Behind the French strikes

A few days before the holidays, French transportation companies such as Air France, Corsaire, SNCF (the French railway company) and local city transportation companies have announced that they are going to be on strike during the holiday. 

Did you know that strikes have a specific meaning for the French and are deeply rooted in their culture? 

At this period of the year, strikes are recurrent and do not surprise the French anymore. Indeed, they are part of their everyday life! 

If you want to know more about current or future French strikes, and plan ahead not to be in a bad situation, there is even a specific website about where and when there are strikes in the country :

France is the country where there was the highest number of unworked days in the European Union in 2020 and 2021, according to ETUI (the European Trade Union Institute). 

The reason why strikes are so popular is because the right to be on strike has been in the French Constitution since October 27,1946. 

This is the French strike ritual: demonstrations, negotiations and an agreement which can be found in a few hours or in a few months.

Strikes are a tool to pressure the employers or the government to react in favor of their employees. 

Salaries and working conditions are the most frequent reasons to be on strike in France.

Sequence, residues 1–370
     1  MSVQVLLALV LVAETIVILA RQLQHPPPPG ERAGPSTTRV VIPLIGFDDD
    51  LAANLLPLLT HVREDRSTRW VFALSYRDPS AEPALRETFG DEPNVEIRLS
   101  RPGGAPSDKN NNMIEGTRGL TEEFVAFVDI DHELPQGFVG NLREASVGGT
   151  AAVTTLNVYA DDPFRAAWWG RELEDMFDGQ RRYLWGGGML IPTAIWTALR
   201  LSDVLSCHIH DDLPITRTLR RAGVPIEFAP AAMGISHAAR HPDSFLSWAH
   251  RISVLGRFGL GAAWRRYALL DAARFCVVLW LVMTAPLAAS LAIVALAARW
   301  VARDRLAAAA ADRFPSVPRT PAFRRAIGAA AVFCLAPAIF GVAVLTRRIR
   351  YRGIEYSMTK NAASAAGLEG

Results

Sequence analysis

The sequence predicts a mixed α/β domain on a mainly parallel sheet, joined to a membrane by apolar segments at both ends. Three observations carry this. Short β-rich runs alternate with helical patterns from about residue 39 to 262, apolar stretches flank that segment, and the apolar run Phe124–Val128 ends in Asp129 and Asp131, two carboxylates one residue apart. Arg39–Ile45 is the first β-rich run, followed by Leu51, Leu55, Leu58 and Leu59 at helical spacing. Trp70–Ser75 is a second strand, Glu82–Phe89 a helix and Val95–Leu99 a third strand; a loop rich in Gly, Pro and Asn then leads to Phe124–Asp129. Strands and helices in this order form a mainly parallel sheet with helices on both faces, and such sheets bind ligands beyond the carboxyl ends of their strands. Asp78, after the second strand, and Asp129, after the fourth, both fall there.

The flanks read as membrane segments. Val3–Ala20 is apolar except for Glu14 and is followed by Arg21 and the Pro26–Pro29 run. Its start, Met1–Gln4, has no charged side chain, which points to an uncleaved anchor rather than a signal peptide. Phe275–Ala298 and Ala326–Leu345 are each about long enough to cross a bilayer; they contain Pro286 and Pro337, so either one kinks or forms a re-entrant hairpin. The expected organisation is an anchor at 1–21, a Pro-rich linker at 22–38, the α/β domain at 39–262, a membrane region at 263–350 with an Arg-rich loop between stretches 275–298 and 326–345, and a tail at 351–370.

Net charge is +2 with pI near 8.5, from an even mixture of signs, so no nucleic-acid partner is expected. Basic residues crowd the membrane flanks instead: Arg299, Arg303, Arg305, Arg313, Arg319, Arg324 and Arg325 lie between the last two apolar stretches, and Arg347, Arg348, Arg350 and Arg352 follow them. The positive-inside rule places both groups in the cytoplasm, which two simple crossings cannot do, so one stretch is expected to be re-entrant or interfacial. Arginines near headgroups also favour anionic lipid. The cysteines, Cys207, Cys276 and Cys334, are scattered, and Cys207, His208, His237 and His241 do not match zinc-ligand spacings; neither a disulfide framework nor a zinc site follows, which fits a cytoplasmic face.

For instance, the demands of the employees of SNCF are an increase of the salaries, more hiring to be able to work correctly. SNCF has difficulties to hire, the national railway company does not make the French dream anymore because of the low salaries. The inflation due to the war in Ukraine is bringing more and more strikes. 

Despite the fact that strikes are recurrent, some French are tired of them especially when they depend on public transportation. Travelers are hostages in the middle of negotiations in which they are not even involved.

French employees have the right to be on strike, whether they work for the public sector or the private sector. A strike is legal as long as it is collective, planned and has professional demands. There is no legal duration for a strike, it can last for a few hours or a few months. An employee does not need to be part of any union to be on strike. It must be announced at least 5 week-days before its start in the private sector. 

Some industries must provide a minimum service: airline companies, hospitals, and when a teacher from the public sector is on strike, the city must provide day care for the children. 

However, some employees do not have the right to be on strike: employees from the national police, the militaries, the CRS employees (the French riot police), the prison guards and the civil servants who work for the penitentiary system, the transmission employees who work for the domestic affair minister and the magistrates. 

During the strike, the contract of each employee is suspended. In the private sector, the employee is not paid during the time they are on strike. In the public sector, the way of being paid or not paid depends on each industry. 

An employer does not have the right to hire a temporary employee to replace an employee who is on strike but an employer can decide to give a long-term contract to a new employee during the strike. 

Strikes are a sensitive topic in France. The close future strikes will certainly prevent many travelers from having a smooth journey to their holiday destination. The more annoying the strike is, the more impactful it is,  but It is a French fundamental right that cannot be denied.